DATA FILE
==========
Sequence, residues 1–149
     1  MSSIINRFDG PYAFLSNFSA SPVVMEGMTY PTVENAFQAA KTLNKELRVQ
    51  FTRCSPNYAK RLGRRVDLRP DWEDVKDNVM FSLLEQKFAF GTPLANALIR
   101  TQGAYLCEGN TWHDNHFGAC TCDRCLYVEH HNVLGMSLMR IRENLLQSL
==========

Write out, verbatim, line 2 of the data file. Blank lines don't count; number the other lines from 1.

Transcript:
     1  MSSIINRFDG PYAFLSNFSA SPVVMEGMTY PTVENAFQAA KTLNKELRVQ